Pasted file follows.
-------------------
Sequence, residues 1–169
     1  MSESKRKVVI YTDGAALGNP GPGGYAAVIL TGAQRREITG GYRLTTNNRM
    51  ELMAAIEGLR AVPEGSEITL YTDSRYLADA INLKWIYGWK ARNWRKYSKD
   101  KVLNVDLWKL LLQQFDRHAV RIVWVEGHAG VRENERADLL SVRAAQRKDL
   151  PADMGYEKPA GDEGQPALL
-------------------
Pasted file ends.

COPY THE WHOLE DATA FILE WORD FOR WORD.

Sequence, residues 1–169
     1  MSESKRKVVI YTDGAALGNP GPGGYAAVIL TGAQRREITG GYRLTTNNRM
    51  ELMAAIEGLR AVPEGSEITL YTDSRYLADA INLKWIYGWK ARNWRKYSKD
   101  KVLNVDLWKL LLQQFDRHAV RIVWVEGHAG VRENERADLL SVRAAQRKDL
   151  PADMGYEKPA GDEGQPALL